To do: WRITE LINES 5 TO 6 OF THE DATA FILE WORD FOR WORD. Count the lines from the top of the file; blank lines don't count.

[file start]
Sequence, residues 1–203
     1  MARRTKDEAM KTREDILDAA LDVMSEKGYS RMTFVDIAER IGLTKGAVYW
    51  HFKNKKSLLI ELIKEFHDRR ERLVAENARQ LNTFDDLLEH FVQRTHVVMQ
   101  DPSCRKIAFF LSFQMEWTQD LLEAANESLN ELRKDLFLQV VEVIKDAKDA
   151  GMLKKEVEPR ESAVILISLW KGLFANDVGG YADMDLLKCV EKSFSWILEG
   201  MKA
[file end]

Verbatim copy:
   151  GMLKKEVEPR ESAVILISLW KGLFANDVGG YADMDLLKCV EKSFSWILEG
   201  MKA